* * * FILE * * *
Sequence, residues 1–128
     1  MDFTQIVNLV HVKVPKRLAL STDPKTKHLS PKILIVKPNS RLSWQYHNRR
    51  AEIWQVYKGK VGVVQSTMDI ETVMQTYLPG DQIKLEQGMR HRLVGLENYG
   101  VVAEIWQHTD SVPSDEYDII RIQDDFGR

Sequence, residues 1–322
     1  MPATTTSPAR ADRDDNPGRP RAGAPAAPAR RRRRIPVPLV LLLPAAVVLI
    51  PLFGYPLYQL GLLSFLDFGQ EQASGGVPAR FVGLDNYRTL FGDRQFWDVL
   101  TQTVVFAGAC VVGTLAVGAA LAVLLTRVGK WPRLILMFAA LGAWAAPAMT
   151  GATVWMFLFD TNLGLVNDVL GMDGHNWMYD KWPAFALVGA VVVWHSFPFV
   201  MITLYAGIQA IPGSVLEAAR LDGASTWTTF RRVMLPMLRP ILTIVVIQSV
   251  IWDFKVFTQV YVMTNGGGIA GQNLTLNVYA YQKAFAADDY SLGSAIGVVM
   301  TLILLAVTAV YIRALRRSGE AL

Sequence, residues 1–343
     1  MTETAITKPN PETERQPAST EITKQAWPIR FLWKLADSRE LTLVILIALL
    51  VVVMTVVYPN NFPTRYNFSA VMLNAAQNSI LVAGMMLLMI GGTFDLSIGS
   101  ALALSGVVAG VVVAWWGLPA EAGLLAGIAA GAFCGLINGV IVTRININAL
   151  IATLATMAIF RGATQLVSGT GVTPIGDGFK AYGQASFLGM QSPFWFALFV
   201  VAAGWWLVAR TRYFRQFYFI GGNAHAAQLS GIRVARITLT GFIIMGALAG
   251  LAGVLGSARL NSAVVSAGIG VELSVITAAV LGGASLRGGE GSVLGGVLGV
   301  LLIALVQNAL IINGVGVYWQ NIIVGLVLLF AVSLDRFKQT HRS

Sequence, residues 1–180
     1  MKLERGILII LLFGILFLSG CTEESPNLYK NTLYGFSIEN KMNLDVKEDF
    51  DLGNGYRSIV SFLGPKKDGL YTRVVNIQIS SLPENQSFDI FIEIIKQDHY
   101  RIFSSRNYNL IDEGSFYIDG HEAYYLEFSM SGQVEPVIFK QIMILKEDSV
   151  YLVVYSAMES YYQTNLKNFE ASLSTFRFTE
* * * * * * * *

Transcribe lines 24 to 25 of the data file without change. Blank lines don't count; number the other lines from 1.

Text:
   101  RIFSSRNYNL IDEGSFYIDG HEAYYLEFSM SGQVEPVIFK QIMILKEDSV
   151  YLVVYSAMES YYQTNLKNFE ASLSTFRFTE